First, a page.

Digital platforms and disinformation tactics

The infrastructure of platforms facilitates anti-immigrant disinformation in many ways. Engagement metrics incentivise attention-grabbing, low-quality content, and these metrics can be manipulated by bad actors who piggyback on trending content and use false accounts and automated ‘bots’ to inflate the popularity of content (Shao et al. 2018). Moreover, micro-targeting services and recommendation algorithms define users by interests with little regard for whether these interests are extremist (Angwin et al. 2017). More generally, platforms enable disinformation to travel at an unprecedented speed and scale. Tornberg and Wahlstrom (2018) argue that social media provide multiple opportunity mechanisms for anti-immigrant disinformation, including discursive opportunities to exploit topical issues, group dynamic opportunities to strengthen community ties, and coordination opportunities to target different audiences. In this context, some argue that social media platforms have given rise to a digital hate culture (Ganesh 2018) augmented by the coordinated action of anonymous and automated accounts (Phillips 2015; Zannettou et al. 2018).

As noted earlier, the far-right uses different platforms for community building and targeting wider audiences. The segmentation of the far right’s online activity is partially a response to pressure from internet service providers (ISPs); as ISPs removed technical support from platforms known to foster extremist ideologies, activity moved to new platforms with strict free speech policies (Zannettou et al. 2018). Consequently, anti-immigrant disinformation campaigns are coordinated on these lesser-known online platforms, and the messages are then disseminated to a wider audience on popular platforms such as Twitter and Facebook (Davey and Ebner 2017; Marwick and Lewis 2017).

Platform affordances also facilitate the online manipulation and disinformation tactics of the far right and the alt-right. These activities broadly revolve around four tactics: appropriating existing hashtags (Jackson and Foucault Welles 2015), decontextualising news stories (Wardle and Derakhshan 2017), the use of memes (Ekman 2019), and automated bots (Avaaz 2019). In a detailed analysis of Twitter activity, Graham (2016) identified key disinformation tactics that enable anti-immigrant actors to direct their messages to a wider, mainstream audience. Actors utilise ‘piggybacking’ and ‘backstaging’ manipulation tactics to infiltrate trending topics while the ‘narrating’ tactic inverts the meaning of trending topics to reframe the original meaning through irony.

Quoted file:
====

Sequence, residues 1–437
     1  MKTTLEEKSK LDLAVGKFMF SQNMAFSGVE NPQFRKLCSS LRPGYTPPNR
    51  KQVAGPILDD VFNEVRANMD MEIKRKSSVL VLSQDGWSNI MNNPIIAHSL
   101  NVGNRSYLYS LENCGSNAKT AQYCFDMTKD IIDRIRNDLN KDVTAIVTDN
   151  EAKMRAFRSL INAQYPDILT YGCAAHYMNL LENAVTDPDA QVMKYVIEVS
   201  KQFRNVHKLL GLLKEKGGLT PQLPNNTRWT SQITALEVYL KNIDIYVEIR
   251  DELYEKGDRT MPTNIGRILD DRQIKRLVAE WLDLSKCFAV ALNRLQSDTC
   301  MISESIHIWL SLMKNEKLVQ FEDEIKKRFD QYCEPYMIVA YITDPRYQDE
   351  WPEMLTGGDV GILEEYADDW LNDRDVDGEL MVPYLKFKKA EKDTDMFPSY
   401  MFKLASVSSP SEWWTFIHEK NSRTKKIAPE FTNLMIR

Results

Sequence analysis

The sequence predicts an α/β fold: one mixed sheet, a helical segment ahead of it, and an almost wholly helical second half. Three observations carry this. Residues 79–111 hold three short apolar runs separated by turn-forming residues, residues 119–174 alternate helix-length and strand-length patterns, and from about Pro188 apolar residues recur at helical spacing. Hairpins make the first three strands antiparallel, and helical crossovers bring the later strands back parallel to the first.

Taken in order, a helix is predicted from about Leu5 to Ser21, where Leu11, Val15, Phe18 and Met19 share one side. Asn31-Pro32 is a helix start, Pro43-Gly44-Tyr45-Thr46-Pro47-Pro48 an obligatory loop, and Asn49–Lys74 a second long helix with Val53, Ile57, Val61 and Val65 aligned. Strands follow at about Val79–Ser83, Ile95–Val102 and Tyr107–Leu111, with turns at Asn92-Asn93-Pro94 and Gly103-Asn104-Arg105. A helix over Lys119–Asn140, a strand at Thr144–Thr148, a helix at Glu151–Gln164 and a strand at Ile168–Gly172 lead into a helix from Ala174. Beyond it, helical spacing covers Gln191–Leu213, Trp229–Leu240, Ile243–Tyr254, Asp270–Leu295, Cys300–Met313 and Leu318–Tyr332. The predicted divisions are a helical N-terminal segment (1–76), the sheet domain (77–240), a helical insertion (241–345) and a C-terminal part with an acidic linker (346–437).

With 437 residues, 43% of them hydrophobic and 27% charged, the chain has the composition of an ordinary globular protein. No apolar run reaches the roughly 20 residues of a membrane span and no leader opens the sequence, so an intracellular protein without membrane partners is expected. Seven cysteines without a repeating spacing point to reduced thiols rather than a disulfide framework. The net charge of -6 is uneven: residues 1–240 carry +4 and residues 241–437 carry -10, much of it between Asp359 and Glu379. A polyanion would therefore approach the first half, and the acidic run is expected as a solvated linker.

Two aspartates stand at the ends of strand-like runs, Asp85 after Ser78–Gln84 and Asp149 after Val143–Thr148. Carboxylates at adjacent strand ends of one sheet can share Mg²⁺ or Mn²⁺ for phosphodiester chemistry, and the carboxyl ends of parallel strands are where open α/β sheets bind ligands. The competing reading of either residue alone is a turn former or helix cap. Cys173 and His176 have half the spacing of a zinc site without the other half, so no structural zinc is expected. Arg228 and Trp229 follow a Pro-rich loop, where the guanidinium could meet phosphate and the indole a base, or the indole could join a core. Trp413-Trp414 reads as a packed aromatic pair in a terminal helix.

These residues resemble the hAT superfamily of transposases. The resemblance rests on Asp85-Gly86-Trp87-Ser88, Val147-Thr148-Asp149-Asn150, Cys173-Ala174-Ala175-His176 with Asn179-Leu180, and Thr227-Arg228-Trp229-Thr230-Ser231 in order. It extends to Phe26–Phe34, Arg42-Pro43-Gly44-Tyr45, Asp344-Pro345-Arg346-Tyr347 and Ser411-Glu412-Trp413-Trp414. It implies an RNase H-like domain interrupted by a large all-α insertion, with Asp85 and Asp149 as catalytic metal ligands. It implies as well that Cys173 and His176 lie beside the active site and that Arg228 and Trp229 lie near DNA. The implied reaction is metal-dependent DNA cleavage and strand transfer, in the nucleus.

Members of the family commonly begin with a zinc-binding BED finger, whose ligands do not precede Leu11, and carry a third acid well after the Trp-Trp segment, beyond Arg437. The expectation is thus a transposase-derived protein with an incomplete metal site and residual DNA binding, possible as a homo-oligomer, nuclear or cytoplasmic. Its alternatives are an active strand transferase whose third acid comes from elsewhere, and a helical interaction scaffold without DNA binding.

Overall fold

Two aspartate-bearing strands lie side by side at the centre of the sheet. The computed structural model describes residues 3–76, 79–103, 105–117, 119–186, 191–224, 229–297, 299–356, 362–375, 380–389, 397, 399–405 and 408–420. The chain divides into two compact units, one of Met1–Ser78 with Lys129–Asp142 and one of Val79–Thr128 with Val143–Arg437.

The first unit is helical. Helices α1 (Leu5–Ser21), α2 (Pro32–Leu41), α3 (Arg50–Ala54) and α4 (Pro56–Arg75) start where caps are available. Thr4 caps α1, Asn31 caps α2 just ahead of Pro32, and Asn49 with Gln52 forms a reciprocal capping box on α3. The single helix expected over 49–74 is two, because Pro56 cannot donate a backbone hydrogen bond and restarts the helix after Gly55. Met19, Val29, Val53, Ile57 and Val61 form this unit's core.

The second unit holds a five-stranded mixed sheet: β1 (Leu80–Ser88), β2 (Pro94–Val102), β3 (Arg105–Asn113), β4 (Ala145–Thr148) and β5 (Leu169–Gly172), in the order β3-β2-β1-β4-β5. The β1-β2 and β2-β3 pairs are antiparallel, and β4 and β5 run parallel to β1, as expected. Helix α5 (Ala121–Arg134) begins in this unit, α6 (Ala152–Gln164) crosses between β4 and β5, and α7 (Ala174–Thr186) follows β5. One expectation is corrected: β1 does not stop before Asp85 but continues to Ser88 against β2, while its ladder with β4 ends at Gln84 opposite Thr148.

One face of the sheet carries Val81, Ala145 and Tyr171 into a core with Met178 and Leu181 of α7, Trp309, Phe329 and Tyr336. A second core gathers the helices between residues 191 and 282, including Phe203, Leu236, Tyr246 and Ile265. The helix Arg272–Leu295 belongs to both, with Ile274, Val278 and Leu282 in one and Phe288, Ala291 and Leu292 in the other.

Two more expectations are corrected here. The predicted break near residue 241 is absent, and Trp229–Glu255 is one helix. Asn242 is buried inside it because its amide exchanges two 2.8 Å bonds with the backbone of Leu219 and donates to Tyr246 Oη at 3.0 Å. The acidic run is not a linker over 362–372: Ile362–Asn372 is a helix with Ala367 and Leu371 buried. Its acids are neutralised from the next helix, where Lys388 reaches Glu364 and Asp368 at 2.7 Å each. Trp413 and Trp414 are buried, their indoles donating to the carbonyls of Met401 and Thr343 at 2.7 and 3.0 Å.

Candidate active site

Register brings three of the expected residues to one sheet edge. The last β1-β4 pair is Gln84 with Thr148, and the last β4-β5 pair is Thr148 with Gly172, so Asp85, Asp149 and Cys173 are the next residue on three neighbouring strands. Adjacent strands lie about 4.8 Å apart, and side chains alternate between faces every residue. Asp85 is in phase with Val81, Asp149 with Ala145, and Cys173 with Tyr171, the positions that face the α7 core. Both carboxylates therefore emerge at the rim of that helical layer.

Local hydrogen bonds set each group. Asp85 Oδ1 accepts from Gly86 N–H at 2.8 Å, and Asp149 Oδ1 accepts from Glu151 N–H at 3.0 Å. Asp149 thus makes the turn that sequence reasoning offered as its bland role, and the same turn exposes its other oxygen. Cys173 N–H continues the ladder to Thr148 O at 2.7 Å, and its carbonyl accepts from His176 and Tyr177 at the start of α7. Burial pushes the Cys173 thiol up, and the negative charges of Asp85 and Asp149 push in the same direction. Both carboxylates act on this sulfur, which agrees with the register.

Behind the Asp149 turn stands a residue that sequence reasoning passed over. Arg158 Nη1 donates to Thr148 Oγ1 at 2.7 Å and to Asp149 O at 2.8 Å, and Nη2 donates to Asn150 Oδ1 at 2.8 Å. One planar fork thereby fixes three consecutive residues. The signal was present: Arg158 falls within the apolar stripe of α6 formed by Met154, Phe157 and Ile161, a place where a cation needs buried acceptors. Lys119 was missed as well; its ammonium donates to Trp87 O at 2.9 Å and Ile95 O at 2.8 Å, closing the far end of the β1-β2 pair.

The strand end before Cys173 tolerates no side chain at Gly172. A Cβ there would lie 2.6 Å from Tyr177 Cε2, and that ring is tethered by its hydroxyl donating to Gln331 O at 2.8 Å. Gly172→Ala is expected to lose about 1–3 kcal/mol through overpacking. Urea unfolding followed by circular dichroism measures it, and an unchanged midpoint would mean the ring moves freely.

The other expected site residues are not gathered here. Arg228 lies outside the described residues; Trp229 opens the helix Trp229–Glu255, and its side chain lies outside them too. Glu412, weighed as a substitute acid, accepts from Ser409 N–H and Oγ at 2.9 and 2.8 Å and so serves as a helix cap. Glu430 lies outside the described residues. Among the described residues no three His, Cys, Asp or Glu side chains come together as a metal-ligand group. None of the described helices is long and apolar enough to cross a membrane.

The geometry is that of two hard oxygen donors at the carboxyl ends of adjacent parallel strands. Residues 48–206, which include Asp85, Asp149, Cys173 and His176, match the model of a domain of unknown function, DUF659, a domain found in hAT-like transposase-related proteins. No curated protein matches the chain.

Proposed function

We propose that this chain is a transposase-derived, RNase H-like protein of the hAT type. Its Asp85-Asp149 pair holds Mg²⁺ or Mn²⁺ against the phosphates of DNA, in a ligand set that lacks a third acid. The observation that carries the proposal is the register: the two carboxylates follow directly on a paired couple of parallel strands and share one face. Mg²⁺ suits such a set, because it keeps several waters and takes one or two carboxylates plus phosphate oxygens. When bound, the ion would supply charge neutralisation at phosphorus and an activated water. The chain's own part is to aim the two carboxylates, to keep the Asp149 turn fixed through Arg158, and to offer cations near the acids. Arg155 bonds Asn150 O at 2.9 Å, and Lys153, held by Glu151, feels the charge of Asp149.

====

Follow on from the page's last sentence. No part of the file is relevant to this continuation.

This process of appropriating existing hashtags has also been characterised in terms of ‘hijacking’ (Jackson and Foucault Welles 2015) and the promotion of‘critical counter-narratives’ (Poole et al. 2019). For example, during the 2016 US presidential election, far-right activists routinely used the hashtag #StopIslam in conjunction with pro-Trump and anti-Clinton hashtags as part of a broader effort to normalise an anti-immigration narrative and to introduce anti-immigrant disinformation into the election campaign (Poole et al. 2019). Other studies have identified the use of this manipulation tactic in relation to the refugee crisis (Siapera et al. 2018) and Brexit (Green et al. 2016). These hashtag campaigns support the formation of‘affective’ (Papacharissi 2015) or ‘ad hoc’ (Dawes 2017) publics that facilitate the circulation (Groshek and Koc-Michalska 2017) and fermentation (Farkas et al. 2017) of far-right narratives and attitudes. While the ad hoc publics created by hashtag campaigns tend to be short lived (Poole et al. 2019; Dawes 2017), they have a ‘liminal’ power to disorientate and confuse public debate (Siapera et al. 2018).